The Large Hadron Collider is back online

It already discovered the "God particle." A dark matter particle could be next.

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The Large Hadron Collider (LHC) is back after more than three years offline.

Since smashing its first particles in 2010, the LHC has led to some of the biggest discoveries in physics. Here’s everything you need to know about the massive machine, why it’s been down since 2018, and what sort of breakthroughs it might deliver next.

What is it?

The LHC is a particle accelerator, a machine that makes particles move really, really fast. There are thousands of particle accelerators across the globe, but the LHC is the biggest and most powerful.

While some particle accelerators are linear, the LHC is a circular tube. Thousands of magnets outside the tube guide beams of particles inside it around and around to greater and greater speeds — we’re talking just shy of the speed of light.

The European Organization for Nuclear Research (CERN) worked with scientists from more than 100 countries to build the LHC in an underground tunnel beneath the border of France and Switzerland, and it is massive, with a circumference of 17 miles and a diameter of 5 miles.

This size helps with the acceleration. The sharper the angle in a circular particle accelerator, the harder it is to control the particle beams within it at high speeds. A bigger circle means more gradual bends and less chance of the particles flying off course.

The LHC has a diameter of 5 miles. Credit: CERN

The LHC isn’t just a particle accelerator, though — it’s a particle collider

That means scientists can send two beams of particles around and around the LHC in opposite directions and then smash them into one another once a target speed is reached. The fact that this is even possible makes the LHC an engineering marvel.

“The particles are so tiny that the task of making them collide is akin to firing two needles 10 kilometers apart with such precision that they meet halfway,” writes CERN.

Why smash particles?

LHC’s collisions take place inside detectors, which are located at different points all around the accelerator. These detectors record data about all the particles produced during the collisions, such as their speed and mass. Scientists then use this data to reconstruct the collisions. 

This can lead to a better understanding of how the subatomic world operates or even to the discovery of new particles — the most well-known example is the discovery of the Higgs boson, also sometimes called the “God particle,” in 2012. 

A computer simulation of a collision in which a Higgs boson is created. Credit: Lucas Taylor / CERN

In the 1960s, physicists proposed that particles only gained mass after interacting with an invisible force field found throughout the universe (the Higgs field).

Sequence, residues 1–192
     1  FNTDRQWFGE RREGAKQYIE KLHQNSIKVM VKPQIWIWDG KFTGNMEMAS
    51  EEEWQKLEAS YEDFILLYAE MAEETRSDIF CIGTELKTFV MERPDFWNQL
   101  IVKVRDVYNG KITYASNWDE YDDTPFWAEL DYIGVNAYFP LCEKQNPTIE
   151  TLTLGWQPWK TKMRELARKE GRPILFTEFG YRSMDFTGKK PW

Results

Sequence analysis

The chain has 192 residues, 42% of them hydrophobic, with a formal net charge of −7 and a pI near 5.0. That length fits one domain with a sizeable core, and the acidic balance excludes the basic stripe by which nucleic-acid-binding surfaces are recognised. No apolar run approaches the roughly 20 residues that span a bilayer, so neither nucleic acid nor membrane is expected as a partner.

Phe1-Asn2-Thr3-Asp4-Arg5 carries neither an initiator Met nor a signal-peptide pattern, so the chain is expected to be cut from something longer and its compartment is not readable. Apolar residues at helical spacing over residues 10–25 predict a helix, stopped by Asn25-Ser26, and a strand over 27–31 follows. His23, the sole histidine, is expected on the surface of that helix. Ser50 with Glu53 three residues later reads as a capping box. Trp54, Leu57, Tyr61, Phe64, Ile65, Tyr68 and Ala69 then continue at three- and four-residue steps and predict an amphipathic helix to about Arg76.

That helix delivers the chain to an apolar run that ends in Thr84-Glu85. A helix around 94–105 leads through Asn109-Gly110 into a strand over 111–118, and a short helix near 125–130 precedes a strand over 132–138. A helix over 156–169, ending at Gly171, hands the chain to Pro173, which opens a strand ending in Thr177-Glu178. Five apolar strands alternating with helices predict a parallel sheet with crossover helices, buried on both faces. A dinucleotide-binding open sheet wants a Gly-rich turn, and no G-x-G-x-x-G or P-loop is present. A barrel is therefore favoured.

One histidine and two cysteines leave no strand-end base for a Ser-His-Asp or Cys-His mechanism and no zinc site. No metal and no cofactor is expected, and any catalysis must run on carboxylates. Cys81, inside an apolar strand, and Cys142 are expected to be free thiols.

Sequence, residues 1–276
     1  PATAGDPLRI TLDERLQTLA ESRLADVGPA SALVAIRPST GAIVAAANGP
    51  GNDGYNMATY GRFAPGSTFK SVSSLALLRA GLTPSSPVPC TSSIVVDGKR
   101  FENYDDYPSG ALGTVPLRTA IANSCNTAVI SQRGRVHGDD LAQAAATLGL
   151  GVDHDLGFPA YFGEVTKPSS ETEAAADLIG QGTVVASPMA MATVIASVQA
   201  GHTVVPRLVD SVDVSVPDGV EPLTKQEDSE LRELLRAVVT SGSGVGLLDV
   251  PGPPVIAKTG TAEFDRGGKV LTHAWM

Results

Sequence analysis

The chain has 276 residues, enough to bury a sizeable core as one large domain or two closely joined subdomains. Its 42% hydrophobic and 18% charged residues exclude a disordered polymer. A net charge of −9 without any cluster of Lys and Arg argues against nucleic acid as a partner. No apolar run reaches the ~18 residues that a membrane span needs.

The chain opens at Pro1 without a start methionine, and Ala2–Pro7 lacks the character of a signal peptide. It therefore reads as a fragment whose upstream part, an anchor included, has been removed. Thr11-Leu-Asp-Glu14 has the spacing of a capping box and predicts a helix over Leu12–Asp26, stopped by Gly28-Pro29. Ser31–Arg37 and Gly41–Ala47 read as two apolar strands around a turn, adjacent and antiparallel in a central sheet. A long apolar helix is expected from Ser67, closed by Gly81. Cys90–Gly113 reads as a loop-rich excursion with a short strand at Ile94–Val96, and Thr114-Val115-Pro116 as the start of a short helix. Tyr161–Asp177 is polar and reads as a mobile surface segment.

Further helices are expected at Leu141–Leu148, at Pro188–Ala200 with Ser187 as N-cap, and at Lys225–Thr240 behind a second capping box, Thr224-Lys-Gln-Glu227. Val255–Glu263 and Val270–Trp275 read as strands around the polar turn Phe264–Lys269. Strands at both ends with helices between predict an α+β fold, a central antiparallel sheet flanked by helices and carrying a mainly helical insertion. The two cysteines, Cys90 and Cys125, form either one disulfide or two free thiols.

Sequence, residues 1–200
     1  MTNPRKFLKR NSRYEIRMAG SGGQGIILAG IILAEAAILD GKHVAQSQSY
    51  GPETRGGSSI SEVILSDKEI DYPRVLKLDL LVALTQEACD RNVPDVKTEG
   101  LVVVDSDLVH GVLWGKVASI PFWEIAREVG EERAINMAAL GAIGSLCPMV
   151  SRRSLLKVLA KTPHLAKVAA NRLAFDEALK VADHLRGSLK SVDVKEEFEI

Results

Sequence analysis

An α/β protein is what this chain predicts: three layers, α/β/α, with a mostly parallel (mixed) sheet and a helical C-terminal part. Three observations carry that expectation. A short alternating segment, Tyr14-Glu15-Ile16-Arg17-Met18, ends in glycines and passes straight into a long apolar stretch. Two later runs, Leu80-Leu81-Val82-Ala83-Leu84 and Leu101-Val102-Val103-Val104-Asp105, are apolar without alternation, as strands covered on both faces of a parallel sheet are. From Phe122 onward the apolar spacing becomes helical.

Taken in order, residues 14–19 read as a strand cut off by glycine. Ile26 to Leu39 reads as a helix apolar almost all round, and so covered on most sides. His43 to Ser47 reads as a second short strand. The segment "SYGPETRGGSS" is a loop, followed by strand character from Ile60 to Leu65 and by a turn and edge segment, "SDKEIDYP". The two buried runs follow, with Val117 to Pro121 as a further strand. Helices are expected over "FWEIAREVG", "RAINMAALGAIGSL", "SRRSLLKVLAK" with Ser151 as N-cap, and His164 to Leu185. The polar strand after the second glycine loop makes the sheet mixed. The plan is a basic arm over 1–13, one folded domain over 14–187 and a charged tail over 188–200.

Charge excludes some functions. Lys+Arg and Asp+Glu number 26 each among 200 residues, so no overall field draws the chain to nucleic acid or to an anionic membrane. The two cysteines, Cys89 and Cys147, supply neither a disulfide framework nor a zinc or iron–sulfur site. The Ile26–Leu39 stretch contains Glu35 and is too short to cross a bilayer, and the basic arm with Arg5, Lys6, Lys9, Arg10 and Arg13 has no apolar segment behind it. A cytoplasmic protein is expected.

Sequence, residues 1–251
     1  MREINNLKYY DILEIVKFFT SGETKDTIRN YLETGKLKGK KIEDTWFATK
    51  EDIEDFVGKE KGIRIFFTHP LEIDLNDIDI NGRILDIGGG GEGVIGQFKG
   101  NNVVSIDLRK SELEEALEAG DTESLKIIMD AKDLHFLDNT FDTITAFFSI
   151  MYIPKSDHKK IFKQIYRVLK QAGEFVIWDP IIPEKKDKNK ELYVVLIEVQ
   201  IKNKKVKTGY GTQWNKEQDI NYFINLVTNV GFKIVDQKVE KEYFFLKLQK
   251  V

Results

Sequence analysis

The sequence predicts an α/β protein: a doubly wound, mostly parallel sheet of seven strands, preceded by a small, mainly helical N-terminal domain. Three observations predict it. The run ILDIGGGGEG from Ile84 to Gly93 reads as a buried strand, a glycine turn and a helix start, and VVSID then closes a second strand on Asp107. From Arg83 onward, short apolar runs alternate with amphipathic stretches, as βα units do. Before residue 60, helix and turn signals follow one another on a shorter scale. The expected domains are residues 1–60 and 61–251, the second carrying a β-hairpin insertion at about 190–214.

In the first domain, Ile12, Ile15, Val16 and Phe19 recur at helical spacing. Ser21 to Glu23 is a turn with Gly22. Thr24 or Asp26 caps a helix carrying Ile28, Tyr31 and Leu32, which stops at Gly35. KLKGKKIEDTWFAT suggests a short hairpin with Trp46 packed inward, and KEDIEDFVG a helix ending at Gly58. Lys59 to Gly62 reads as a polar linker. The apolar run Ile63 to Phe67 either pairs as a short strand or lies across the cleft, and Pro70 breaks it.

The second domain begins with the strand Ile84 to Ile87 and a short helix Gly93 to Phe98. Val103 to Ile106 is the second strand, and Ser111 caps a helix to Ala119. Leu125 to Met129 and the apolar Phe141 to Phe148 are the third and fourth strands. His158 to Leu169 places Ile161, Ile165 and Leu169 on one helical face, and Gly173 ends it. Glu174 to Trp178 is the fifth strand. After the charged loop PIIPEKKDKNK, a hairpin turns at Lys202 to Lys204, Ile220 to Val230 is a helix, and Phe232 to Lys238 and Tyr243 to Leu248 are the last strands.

Confirming the existence of that field and the particle associated with it (the Higgs boson) was essential to confirming the Standard Model of Particle Physics, which is the current best explanation for what the universe is made of and how its fundamental building blocks interact.

The ‘60s-era scientists predicted what the Higgs boson would look like, but it wasn’t until a 2012 LHC experiment that a particle matching their predictions was finally observed, earning the scientists who proposed the Higgs boson a Nobel Prize in Physics.

Looking ahead

In December 2018, the LHC went on hiatus so that researchers could upgrade and service its accelerators and detectors, as well as add new experiments to the machine. On April 22, this hiatus ended with CERN restarting the LHC once again.

“The LHC itself  … will now operate at an even higher energy and, thanks to major improvements in the injector complex, it will deliver significantly more data to the upgraded LHC experiments,” said Mike Lamont, CERN’s director for accelerators and technology.

The LHC has undergone a lot of changes since 2018. Credit: CERN

The next few months will be spent preparing the LHC for its third run of experiments — that run will include more studies of the Higgs boson as well as experiments researchers hope will reveal another elusive particle: the one that makes up dark matter.

“When it’s a nice starry evening, and you look up to the sky, everything you see there is only 5% of what’s out there — the other 95% is still not understood,” Rende Steerenberg, CERN’s head of operations, told Popular Mechanics. “It would be very good if we could find hints of what this dark matter is, and perhaps find a dark matter particle.”

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